Surveys are used to gain and evaluate information from a larger population. They are often used for population surveys, linked with questionnaires. Surveys are often completed anonymously, but may include a request for personal identification.
Surveys can provide both quantitative (numbers of choices, for example) and qualitative information (opinions, for example) for analysis and evaluation.
A questionnaire is a set of questions being asked of a participant to provide evidence for analysis and evaluation within a survey. Questionnaires are conventionally completed by one person at a time, to avoid forms of bias, but sent to multiple people at the same time. This is to capture as many responses as possible within the duration of a study.
Surveys formats include:
- Face to face survey of set questions (no deviation or discussion)
- Telephone survey (operator or automated)
- Mailshot survey (completed by hand)
- Online survey (completed via computer on the internet)
Types of questions that can be asked include:
- Dichotomous, where the respondent has two options
- Nominal-polytomous, where the respondent has more than two unordered options
- Ordinal-polytomous, where the respondent has more than two ordered options
- (Bounded)Continuous, where the respondent is presented with a continuous scale
Questionnaires with questions that measure separate variables could for instance include questions on:
- preferences (e.g. political party)
- behaviours (e.g. food consumption)
- facts (e.g. gender)
Questionnaires are aggregated into either a scale or index questions that include, for instance, questions that measure:
- latent traits (e.g. personality traits such as extroversion)
- attitudes (e.g. towards immigration)
- an index (e.g. Social Economic Status)
An example of a survey structure includes:
“Thank you for taking part. Introductory explanation of why the survey is being carried out and what will be done with the information, estimated time to complete; and, contact information if there are more enquiries about the survey or a complaint.
A consent ‘tick box’ (online) or signature, if not completed anonymously
Information about the participant
Questions related to the ‘research question’ to be answered
Cross referenced questions
Completion and ‘Thank you’ page including, further participation.”
Consider enabling the participant to have a copy of the survey they have completed and a contact where they can get access to the completed survey results when published.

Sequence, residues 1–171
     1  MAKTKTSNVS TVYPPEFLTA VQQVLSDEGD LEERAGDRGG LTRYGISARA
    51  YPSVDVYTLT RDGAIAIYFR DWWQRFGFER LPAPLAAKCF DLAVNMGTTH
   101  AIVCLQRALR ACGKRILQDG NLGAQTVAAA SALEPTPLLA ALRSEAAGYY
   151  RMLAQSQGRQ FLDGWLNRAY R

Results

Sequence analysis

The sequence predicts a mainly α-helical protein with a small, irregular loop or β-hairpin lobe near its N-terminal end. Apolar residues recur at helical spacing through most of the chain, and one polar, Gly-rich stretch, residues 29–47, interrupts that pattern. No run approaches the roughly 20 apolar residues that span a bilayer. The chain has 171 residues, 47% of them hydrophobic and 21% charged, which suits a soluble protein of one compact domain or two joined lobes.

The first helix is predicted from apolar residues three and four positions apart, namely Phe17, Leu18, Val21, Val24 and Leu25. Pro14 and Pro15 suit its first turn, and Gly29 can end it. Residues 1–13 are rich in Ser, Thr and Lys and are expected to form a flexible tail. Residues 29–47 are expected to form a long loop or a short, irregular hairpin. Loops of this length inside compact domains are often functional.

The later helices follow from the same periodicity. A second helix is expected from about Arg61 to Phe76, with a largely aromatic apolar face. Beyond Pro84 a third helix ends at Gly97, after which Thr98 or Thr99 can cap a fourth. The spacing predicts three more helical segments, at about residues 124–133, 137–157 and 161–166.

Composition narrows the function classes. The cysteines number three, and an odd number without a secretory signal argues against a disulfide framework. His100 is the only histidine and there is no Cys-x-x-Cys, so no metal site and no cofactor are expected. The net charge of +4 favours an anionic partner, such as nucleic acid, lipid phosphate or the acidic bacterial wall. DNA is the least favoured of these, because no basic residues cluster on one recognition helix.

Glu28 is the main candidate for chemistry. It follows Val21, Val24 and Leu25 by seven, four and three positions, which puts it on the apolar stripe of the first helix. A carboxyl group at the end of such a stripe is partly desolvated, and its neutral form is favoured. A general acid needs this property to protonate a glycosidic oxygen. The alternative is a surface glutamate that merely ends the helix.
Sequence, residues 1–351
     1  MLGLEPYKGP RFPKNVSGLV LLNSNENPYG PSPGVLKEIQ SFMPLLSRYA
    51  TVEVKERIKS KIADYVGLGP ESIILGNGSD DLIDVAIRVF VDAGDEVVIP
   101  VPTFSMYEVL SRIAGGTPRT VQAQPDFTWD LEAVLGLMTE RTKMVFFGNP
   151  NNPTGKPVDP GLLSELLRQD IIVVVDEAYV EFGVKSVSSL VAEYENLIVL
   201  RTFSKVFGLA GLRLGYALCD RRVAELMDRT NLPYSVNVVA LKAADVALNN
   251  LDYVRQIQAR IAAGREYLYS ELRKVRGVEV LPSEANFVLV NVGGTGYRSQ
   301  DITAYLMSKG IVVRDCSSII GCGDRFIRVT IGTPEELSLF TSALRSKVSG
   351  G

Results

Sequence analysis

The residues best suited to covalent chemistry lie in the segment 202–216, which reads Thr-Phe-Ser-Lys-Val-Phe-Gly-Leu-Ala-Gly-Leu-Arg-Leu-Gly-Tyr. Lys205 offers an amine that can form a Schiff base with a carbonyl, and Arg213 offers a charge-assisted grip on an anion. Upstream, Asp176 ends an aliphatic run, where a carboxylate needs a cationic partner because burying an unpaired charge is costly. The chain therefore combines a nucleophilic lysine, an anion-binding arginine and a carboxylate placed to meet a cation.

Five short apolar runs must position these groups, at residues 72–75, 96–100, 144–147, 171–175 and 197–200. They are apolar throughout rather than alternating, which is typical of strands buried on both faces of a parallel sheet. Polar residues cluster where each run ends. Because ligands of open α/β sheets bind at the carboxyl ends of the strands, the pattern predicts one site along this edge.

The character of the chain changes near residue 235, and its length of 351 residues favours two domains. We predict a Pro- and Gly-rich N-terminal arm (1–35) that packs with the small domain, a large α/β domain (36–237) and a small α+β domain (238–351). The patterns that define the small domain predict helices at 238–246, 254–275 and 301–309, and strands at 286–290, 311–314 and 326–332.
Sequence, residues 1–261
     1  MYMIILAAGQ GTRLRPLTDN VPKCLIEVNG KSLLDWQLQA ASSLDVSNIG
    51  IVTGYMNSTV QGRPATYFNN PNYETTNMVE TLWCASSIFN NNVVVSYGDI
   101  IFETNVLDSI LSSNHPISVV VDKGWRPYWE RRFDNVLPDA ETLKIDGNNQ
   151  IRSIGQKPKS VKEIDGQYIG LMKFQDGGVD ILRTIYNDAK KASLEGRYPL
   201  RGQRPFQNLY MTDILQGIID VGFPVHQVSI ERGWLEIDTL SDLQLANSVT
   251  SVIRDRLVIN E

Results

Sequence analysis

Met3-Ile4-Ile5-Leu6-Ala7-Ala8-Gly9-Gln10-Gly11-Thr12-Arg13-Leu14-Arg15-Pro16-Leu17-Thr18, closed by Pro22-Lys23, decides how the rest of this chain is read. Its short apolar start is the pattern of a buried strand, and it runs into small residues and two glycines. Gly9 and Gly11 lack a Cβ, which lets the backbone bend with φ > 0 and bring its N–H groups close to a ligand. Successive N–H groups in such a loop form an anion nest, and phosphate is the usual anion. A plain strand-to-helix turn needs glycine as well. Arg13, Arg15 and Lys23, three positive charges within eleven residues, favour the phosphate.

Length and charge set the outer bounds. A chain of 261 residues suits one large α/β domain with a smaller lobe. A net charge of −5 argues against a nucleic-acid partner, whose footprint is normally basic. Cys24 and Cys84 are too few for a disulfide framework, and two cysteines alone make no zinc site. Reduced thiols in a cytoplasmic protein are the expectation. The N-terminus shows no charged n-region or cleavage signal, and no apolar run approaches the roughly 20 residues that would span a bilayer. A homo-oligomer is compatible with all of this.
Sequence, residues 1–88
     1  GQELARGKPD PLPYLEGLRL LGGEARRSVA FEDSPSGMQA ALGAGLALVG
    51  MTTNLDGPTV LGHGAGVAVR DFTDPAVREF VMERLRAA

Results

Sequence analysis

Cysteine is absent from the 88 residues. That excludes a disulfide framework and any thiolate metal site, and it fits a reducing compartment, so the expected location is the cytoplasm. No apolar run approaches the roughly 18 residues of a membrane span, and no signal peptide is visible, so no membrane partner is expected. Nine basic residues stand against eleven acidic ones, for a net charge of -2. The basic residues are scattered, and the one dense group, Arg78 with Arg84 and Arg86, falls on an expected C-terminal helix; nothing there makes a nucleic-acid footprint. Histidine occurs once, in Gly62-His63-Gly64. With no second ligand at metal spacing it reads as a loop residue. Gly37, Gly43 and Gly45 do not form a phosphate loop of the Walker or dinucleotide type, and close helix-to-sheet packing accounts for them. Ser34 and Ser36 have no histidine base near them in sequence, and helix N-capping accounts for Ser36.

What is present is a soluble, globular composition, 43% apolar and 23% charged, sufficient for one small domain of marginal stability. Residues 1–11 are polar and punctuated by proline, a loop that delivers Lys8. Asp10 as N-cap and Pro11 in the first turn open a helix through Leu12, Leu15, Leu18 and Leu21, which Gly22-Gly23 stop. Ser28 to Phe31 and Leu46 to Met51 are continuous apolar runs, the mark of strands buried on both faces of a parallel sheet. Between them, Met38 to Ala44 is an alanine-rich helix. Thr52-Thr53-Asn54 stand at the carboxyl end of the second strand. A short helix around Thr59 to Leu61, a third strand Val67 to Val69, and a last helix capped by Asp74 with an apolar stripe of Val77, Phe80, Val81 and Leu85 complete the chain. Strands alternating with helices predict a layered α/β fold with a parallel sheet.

When developing your survey consider:
- Use Terminology and langue appropriate to your target population
- Use statements that allow for different terminology in the answer
- Specific, closed followed by an open question.
- Use only one aspect of the construct you are interested in per item.
- Use positive statements and avoid negatives or double negatives.
- Do not make assumptions about the respondent.
- Use correct spelling, grammar and punctuation.
- Avoid items that contain more than one question per item (e.g. Do you like Apples and Pears?)
Additional data collection methods or techniques that may be used in conjunction with surveys include:
- Product or cultural probes
- Likert scales
- Paired comparisons
- Online surveys
Viewed with suspicion (payment to be involved a likely scam)
Paid involvement or incentives may also be a scam and introduces Bias.
Bristol online surveys (mainly academic use)
Surveymonkey (limited number of uses)
Cohen, L., L.Mannion, and K.Morrison 2007. Research methods in education. 6th ed. London, New York: Routledge.
Torrens, GE (2011) Universal Design: empathy and affinity. In Karwowski, W, Soares, M, M, Stanton, A, N, Eds, (ed) Handbook of Human Factors and Ergonomics in Consumer Products, CRC Press, pp.233-248 Available at: (https://dspace.lboro.ac.uk/dspace-jspui/handle/2134/15737), Accessed: [7/11/2015]
Wilson, J. R., and E. N. Corlett. 1995. Evaluation of human work: A practical ergonomics methodology. 2nd ed. London: Taylor & Francis.